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UN, Denmark launch sh48b project in West Nile

By Gloria Nakajubi

Added 4th July 2018 05:10 PM

The youth can be turned into an asset for sustainable development through targeted interventions

UN, Denmark launch sh48b project in West Nile

The youth can be turned into an asset for sustainable development through targeted interventions

 

Minister Sarah Kwiyucwiny (center) Danish Ambassador Mogens Pedersen (left) and UNFPA country representative, Alain Sebenaler, at the Launch of the project.

The United Nations Population Fund (UNFPA) with support from the Foreign Affairs Ministry of Denmark have launched a sh48b empowerment project in the refugee hosting districts of Northern Uganda.

With numerous reports indicating increasing vulnerability of people living in refugee host communities, the five-year project launched at the Boma Grounds in Arua Municipal Council is expected to empower women and young people in the region to contribute to the development of their communities.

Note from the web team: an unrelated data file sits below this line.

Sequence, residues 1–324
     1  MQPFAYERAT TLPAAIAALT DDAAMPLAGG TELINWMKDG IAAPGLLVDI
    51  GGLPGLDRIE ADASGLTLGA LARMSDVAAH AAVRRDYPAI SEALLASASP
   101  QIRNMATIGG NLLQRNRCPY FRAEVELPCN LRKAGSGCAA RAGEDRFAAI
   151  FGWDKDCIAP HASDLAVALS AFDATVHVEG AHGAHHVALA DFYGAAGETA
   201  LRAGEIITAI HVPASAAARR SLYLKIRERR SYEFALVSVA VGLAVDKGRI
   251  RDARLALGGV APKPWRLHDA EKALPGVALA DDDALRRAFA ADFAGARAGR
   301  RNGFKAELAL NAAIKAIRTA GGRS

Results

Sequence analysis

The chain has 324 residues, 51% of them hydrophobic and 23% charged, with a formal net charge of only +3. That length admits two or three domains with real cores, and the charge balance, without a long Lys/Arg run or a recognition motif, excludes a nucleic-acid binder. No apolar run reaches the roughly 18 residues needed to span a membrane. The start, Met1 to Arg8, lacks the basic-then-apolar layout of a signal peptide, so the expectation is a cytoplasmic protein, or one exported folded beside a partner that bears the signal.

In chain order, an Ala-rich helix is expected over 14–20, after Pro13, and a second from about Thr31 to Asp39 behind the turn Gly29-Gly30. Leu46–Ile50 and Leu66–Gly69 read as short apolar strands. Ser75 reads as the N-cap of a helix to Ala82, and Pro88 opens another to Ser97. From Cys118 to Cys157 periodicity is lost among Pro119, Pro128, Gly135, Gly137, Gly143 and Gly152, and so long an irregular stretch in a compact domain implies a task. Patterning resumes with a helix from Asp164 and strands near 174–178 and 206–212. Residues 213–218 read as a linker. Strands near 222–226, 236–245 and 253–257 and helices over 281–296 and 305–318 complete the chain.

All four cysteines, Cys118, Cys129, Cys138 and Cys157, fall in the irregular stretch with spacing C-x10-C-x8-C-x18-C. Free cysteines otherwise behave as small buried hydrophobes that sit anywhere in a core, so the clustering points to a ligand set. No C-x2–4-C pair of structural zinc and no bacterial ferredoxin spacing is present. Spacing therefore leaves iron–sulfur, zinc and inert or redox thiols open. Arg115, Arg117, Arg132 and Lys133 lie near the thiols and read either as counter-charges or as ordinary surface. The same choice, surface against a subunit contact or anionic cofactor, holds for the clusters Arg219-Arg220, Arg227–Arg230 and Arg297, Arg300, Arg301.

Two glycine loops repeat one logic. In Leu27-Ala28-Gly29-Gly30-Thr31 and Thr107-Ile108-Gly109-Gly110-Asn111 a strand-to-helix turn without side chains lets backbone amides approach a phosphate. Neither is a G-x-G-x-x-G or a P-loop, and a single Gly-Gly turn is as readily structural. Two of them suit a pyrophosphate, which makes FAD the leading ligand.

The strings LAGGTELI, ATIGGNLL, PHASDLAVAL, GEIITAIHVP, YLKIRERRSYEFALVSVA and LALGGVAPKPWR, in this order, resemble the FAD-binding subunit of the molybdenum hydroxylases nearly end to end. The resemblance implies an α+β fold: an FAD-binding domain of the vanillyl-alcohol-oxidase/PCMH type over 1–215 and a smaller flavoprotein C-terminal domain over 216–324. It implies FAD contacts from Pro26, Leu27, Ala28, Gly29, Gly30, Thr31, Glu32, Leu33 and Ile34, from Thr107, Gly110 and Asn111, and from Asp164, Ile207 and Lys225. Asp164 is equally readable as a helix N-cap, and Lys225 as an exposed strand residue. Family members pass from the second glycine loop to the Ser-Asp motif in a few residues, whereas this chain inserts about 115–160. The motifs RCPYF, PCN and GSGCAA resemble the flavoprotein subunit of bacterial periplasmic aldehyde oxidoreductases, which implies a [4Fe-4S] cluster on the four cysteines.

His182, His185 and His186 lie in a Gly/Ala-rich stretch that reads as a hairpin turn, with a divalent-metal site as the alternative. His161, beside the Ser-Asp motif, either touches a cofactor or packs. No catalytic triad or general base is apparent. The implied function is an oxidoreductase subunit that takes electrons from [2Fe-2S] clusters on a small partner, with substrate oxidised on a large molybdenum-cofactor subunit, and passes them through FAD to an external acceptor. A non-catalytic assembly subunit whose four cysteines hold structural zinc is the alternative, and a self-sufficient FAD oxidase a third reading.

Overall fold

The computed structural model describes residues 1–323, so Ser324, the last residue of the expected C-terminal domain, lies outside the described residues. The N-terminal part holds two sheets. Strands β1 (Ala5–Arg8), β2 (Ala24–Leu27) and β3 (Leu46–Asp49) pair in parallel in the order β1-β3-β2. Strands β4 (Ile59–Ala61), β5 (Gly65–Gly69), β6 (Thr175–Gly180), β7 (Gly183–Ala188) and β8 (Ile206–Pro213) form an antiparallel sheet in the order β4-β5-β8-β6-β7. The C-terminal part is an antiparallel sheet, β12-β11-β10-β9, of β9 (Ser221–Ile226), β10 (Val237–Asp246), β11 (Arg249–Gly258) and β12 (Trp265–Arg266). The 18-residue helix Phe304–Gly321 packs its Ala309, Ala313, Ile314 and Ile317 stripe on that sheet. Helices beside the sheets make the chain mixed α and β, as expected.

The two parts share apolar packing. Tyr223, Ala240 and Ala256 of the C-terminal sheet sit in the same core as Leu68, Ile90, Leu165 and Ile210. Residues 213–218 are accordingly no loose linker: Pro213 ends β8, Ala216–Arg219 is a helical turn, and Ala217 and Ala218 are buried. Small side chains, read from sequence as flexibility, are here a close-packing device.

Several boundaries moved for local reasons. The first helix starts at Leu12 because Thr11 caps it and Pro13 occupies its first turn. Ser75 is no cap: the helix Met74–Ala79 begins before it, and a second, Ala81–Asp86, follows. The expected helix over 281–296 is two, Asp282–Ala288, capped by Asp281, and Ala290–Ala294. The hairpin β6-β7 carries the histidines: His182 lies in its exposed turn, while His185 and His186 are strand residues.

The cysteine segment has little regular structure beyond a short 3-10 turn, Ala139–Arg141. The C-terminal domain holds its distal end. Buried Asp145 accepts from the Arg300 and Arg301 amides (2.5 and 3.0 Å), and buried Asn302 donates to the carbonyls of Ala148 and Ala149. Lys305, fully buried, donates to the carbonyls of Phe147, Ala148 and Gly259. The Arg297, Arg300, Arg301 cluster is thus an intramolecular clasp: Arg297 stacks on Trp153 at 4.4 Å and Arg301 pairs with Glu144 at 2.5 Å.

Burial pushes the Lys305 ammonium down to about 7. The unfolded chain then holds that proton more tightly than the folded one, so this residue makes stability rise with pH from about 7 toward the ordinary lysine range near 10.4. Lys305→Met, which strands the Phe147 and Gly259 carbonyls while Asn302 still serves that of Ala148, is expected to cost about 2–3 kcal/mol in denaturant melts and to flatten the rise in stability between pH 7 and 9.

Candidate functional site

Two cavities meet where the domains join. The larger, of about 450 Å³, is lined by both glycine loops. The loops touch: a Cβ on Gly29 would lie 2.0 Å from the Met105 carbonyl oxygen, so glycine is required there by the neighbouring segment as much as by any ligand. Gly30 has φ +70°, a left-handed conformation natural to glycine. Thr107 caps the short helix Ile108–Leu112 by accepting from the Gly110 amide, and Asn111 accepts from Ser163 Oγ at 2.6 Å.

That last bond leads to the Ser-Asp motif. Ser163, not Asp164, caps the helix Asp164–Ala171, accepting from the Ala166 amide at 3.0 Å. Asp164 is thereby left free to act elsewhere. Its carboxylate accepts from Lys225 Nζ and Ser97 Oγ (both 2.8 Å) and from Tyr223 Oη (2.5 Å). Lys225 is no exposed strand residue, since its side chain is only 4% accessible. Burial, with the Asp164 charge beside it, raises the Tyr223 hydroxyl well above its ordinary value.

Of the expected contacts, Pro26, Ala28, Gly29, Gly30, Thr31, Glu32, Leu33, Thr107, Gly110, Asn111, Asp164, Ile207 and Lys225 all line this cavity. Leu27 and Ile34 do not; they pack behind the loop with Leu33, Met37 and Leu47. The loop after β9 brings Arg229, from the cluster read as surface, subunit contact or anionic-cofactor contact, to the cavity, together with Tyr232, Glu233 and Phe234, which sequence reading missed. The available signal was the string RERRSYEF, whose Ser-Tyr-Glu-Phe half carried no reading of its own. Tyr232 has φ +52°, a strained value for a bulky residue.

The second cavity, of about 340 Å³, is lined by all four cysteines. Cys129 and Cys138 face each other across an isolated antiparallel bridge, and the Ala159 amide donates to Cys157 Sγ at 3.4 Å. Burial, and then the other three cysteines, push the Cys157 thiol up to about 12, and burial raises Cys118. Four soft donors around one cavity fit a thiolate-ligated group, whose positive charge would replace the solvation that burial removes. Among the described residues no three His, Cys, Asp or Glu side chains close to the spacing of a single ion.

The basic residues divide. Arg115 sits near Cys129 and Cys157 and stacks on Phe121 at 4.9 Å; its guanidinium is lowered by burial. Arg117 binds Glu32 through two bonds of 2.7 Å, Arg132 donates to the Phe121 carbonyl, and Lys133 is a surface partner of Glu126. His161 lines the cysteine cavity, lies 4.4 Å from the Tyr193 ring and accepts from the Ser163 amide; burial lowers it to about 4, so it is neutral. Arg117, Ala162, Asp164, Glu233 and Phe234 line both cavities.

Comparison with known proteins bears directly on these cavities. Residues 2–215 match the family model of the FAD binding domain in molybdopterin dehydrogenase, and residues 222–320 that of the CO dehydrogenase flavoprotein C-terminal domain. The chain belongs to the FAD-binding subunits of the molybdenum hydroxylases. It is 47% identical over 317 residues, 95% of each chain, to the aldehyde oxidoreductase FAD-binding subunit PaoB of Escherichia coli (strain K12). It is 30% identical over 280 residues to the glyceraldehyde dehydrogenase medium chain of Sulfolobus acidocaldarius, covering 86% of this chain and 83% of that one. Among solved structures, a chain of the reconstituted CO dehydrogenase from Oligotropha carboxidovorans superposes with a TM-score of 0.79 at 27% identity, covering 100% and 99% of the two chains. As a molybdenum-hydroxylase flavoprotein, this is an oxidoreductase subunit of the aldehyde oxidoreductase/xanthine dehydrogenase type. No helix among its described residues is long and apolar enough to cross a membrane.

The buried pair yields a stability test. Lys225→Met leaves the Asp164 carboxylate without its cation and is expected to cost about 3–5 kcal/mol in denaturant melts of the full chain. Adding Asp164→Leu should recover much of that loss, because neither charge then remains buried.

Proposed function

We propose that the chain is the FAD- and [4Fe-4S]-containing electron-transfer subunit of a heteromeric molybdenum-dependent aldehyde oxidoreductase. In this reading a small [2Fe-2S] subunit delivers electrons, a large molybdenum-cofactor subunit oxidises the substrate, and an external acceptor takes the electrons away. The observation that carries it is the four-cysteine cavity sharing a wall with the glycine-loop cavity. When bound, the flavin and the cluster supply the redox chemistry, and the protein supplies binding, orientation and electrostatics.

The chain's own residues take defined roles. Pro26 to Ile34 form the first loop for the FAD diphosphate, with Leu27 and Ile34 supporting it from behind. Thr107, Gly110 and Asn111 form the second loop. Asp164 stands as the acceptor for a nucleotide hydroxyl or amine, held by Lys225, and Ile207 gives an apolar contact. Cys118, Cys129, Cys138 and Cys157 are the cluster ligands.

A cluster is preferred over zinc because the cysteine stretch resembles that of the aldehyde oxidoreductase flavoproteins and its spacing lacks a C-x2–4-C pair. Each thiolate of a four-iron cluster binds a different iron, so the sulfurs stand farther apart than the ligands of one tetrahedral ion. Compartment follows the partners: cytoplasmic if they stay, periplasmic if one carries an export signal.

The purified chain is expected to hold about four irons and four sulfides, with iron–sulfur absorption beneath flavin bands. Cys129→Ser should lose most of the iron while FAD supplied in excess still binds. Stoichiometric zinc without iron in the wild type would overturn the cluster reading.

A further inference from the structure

Unlike a number of interventions in the region, the project code-named WAY (Women, Adolescents and Youth) is targeting both refugees and host community populations.

Speaking during the launch, the UNFPA Country Representative, Alain Sibenaler explained that the programme interventions are based on an integrated approach to gender equality, sexual and reproductive health and rights, gender based violence prevention and response as well as social economic empowerment.

"We want to empower the most vulnerable young people and women to participate in decision making. It is critical in development to understand the needs of the population and respond accordingly," he said.

The youth according to the Danish Ambassador, Mogens Pedersen, can be turned into an asset for sustainable development through targeted interventions. This is what the project is aimed at achieving.

Uganda is currently the third largest refugee hosting country in the World with over 70% of these in West Nile. However as recently revealed by the Acting Commissioner for refugees in the Office of the Prime Minister, Gerald Menya, the current funding can only cater for 7% of the refugee needs. This has since increased social and economic vulnerability of both refugees and host community populations.

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